Friday, April 16, 2010

Beijing Opera Masks and Face-Painting

One of the more striking aspects of the Beijing Opera is the Masks and Facial Make-up used to portray the various characters in a production. The use of symbolic colors, stylized lines, and fantastical facial exaggeration all serve the performance magic and grandeur. There is really nothing that compares to a skillful and artistic rendition of one of China's favorite stories from historical events and classical literature.

The current Beijing Opera originated from a combination of several sources. In 1790, the four great theatre groups from Anhui came to perform for the Royal Family. They used the traditional melodies and aria called Xi Pi. Around 1828, performers from Hubei joined them to form a combined troupe adding their own music called Er Huang. Thousands of pieces were performed regaling great tales of historic events and popular literature as well as their own versions of Western stories.

There have been scholarly discussions concerning the origins of Chinese theatrical mask wearing and face painting. A widely held theory is that face painting developed from the dances called " Lanlingwang (Prince Lanling)" from the Tang Dynasty (A.D. 618-907).

Another possible origin of this practice is rooted in the ancient use of Masks and Make-up in religious ceremonies, particularly exorcisms. There are examples of artwork that show shamans and other actors with stylized painted faces. Upon closer examination, these look very much like the early used of face painting and mask wearing in the Chinese opera theatre.

There is an old saying from the Song (960-1279) and Yuan (1271-1368) dynasties that was, "Shentou guimian", or "masks for Gods, make-up for ghosts." It meant that to play a god you must wear a mask, but to play a ghost all you needed was to slap some paint on your face. This followed the idea that gods were sacred and it would be sacrilegious, perhaps even dangerous, to portray them, whereas ghosts, the embodiment of disease, poverty and evil were not subject to such respect. Craftsmen who carved Deity masks believed that as soon as the eyes were carved out of a piece of art, it then became animated with the spirit of the gods.

Over time, actors began to think that it was less a sin to portray gods and spirits on the stage instead of in temples and palaces. They started to favor make-up over the stoic solid masks in performance. This allowed for more expression over the "dead face" of a mask to the "live face" of paints and dyes.

For the longest time, performers took great liberty in their choice of paint methods and colors. Later, during the Qing Dynasty (1644-1911) did there become some conventions and standards. An agency called Shengpingshu (Shengping Agency) was in charge of the affairs of opera performance. They established painting of more than 200 of the current operas with detailed instructions on the character make-up patterns. This became the official standard for face painting.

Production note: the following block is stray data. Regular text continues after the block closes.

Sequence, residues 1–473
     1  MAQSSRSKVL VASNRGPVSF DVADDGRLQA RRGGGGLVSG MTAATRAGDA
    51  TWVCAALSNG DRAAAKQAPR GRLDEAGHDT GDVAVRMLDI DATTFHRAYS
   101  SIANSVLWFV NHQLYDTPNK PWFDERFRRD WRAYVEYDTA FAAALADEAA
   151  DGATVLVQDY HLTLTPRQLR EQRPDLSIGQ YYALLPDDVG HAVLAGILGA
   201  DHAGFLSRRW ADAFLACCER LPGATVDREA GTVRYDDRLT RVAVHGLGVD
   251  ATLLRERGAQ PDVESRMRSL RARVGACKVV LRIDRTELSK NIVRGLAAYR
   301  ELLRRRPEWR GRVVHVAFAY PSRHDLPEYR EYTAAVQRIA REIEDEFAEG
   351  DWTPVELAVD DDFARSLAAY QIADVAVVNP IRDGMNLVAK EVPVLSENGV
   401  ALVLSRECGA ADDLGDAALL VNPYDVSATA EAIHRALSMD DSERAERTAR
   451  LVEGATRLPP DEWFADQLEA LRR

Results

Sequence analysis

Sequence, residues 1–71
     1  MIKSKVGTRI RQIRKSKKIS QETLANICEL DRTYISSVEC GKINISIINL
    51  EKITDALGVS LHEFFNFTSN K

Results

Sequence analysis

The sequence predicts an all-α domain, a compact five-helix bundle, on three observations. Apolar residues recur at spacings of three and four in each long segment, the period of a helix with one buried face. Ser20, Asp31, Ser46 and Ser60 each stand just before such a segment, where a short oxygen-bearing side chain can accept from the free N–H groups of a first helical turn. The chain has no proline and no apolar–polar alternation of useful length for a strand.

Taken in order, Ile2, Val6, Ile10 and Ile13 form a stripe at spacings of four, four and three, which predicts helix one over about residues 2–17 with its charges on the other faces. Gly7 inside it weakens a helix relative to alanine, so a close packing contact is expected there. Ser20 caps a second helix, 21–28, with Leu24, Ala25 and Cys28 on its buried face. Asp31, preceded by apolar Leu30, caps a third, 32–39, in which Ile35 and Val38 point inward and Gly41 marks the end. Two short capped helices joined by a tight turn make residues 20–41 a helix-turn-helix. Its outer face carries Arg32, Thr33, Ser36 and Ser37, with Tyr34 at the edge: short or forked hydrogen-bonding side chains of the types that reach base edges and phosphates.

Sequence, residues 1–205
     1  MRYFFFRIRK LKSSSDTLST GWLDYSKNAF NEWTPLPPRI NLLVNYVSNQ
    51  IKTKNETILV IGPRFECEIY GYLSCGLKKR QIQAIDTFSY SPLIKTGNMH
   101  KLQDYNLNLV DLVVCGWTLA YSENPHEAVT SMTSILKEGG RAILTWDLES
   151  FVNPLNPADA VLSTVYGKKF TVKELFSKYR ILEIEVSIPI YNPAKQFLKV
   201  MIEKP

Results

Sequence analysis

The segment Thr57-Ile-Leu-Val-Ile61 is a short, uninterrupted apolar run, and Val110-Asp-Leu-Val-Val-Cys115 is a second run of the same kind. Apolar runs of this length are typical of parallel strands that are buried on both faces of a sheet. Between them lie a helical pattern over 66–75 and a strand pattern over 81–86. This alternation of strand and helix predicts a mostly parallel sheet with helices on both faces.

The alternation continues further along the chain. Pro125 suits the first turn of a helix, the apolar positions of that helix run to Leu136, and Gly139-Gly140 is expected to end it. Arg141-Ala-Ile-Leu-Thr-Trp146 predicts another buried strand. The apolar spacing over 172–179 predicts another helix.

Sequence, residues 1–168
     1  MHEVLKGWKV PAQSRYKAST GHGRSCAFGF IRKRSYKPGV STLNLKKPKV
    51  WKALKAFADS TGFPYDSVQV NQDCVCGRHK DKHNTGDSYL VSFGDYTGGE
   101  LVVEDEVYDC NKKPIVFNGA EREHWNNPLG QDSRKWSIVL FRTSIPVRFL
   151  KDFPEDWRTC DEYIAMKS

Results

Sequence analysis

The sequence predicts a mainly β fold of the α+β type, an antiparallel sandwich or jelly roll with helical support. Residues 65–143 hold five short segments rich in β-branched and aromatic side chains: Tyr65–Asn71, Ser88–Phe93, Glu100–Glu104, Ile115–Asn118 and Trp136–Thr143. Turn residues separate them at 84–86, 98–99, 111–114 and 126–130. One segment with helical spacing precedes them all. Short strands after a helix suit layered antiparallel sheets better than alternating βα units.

There are four basic categories of characters in the standard Beijing Opera.

Ø SHENG - Male roles

Ø DAN - Female Roles

Ø CHOU - Comedy roles

Ø JING - Painted face males

Jing, usually males, are the roles with facial painting representing warriors, heroes, statesmen, adventurers, and demons. Jing are found in three basic categories: Zhengjing, Fujing, and Wujing.

The JING roles are more known for courage and resourcefulness than for intelligence. Sometimes a High-ranking General or Warrior/General they usually have a swagger and great self-assurance. There are many common color schemes associated with Jing roles but some have more convention and are easily recognizable.

The compositions of face painting are classified into several patterns based on the belief that a person's face can reveal much about their personality. The overall designs of the face painting are given names like, "three-tiles face", "six-tenths face", "cross face", "slant face", "butterfly face" as well as many, many others.

The colors used on a Jing actors face have symbolic meaning.

Ø RED - Good character, heroic

Ø WHITE - Sneaky and treacherous

Ø GREEN - Rash, lacking self-control

Ø BLACK - Brusque character

Ø BLUE - Wild nature, a robber or thief

Ø GOLD/SILVER - Used only for Gods and Spirits

There are two main types of facial decorations in Chinese Opera: Masks and Facial Painting. Sometimes there are many changes of masks and make-up (even some without the audience's knowledge), this is called Changing Faces. It is a difficult technique that is only mastered after many years of serious and extensive training. This is sometimes used to display the feelings of a character or change the energy of the particular scene. Facial changes for sudden emotional changes are usually done in four ways:

Ø BLOWING DUST - The actor blows black dust concealed in his palm so that it blows back into his face.

Ø MANIPULATING BEARD - Beard colors can be changed while the beard is being moved from black to gray to white showing anger or excitement.

Ø PULLING DOWN MASKS - The actor can pull down a mask that has been sitting on top of his head to communicate a special emotional change.

Ø MOP - The actor mops out the greasepaint hidden in his sideburns or eyebrows to change his facial appearance.

The colorful and flamboyant Jing characters of Beijing Opera theatre with the Beijing Opera Mask as well as facial make-up are enduring part of this very exquisite and beautiful art form. Audiences around the world marvel at the technical virtuosity as well as the austerity of the productions in this symbolic Chinese cultural event.


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